Client Spotlight – Future Directions CIC

Our client spotlight focuses on Future Directions CIC, a not-for-profit social care provider based in Oldham. Future Directions was originally set up in 2012 as a subsidiary of Calderstones NHS Trust, and spun out to become a separate entity in April 2015. It is a values-based organisation that believes by living out its values it makes a real difference to people’s lives. We spoke to MD Paula Braynion about the organisation’s journey so far, the challenges it has faced, and plans for the future. Paula previously worked in the NHS as a Director of Operations, Deputy Chief Executive and Director of Nursing.

Paula B  Paula Braynion

What does Future Directions do?

Future Directions provides care and support to people with complex needs including learning disabilities, autism, mental health, forensic histories, acquired brain injury and dementia. It provides support to people in their own homes as well as the community, and is flexible in how much support it offers – from a few hours a week to 24-hour support.

Why choose the CIC model?

A CIC is a Community Interest Company, a type of limited company which exists to benefit the community rather than private shareholders. These were introduced in 2005 and have proved a popular model ever since, with an estimated 10,000 registered in the first ten years of existence. Future Directions is able to operate as a company – with the ability to hire staff and have its own governance structure – without the more stringent governance demands required of a charity. The regulatory regime is less intense, meaning that the organisation can be more efficient and cost effective.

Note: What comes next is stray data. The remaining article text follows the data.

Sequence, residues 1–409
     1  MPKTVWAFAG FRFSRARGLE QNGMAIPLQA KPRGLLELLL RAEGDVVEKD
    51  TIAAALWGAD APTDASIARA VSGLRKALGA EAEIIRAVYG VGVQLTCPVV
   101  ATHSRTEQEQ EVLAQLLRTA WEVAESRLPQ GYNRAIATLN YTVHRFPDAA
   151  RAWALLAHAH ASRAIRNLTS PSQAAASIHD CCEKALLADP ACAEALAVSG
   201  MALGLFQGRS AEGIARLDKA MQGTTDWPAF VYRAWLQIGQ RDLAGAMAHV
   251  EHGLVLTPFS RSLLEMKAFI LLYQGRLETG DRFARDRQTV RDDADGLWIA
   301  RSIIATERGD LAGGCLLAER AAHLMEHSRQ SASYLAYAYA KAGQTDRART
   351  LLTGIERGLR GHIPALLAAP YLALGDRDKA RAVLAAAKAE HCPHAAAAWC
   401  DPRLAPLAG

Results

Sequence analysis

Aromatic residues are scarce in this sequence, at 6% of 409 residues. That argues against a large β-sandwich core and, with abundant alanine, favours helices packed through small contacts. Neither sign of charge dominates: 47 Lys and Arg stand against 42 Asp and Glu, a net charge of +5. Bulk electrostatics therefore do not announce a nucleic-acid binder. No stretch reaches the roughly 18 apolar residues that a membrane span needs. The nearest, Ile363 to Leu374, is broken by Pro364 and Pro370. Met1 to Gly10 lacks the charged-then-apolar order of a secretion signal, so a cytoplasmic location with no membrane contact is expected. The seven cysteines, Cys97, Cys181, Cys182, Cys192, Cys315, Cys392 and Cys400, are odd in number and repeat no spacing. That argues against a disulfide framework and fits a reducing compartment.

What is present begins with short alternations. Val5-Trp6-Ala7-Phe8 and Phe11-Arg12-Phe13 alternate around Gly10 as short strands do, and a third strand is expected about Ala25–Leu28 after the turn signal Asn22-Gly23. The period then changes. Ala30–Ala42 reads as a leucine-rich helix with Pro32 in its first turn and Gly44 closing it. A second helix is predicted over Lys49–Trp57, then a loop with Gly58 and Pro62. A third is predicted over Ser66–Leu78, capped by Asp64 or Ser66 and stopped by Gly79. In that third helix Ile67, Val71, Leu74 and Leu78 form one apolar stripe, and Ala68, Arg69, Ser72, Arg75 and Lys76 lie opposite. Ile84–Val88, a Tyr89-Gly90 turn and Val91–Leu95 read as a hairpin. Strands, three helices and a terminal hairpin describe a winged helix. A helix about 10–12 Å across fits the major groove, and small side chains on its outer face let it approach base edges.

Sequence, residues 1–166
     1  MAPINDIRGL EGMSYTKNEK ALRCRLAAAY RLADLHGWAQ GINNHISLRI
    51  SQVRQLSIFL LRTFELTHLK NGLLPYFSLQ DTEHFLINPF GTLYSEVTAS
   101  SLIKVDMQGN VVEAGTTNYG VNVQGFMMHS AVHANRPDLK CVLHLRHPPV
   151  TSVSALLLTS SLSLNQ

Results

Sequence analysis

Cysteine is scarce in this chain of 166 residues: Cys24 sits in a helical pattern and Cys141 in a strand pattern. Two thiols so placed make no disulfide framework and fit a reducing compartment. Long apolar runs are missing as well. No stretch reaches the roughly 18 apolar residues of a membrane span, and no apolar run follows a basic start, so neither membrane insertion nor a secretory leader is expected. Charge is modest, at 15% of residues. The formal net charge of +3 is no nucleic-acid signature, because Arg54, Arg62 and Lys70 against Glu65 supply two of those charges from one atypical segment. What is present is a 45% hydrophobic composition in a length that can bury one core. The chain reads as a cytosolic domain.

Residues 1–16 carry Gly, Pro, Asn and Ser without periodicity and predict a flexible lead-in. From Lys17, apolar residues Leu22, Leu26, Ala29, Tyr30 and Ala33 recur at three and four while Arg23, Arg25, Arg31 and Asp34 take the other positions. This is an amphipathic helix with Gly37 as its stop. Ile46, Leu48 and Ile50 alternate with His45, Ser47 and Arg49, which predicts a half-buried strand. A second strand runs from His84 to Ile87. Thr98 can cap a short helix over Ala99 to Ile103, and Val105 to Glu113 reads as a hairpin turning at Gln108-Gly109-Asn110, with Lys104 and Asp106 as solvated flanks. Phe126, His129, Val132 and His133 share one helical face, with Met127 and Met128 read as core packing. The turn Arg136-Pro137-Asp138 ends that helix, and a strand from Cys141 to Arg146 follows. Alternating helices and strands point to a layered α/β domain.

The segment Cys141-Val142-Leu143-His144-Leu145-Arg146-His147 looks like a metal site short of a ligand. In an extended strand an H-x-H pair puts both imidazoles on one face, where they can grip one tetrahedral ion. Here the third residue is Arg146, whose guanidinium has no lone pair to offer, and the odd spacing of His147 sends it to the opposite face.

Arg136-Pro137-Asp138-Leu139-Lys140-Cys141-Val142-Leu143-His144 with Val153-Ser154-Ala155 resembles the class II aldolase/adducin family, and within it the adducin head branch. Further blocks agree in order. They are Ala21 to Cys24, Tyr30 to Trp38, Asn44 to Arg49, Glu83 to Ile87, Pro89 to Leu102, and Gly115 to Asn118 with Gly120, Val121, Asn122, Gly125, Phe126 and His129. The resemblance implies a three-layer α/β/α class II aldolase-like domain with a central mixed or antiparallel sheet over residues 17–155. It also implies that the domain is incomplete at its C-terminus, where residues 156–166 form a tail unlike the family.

Legal assistance

When, by April 2015, it made sense for Future Directions to become a separate legal entity, the organisation turned to Hempsons for advice on the process. Hempsons’ Charities and Social Enterprise team is highly experienced leading on spin-out projects, covering bodies with multi-million pound contracts through to smaller organisations with smaller budgets.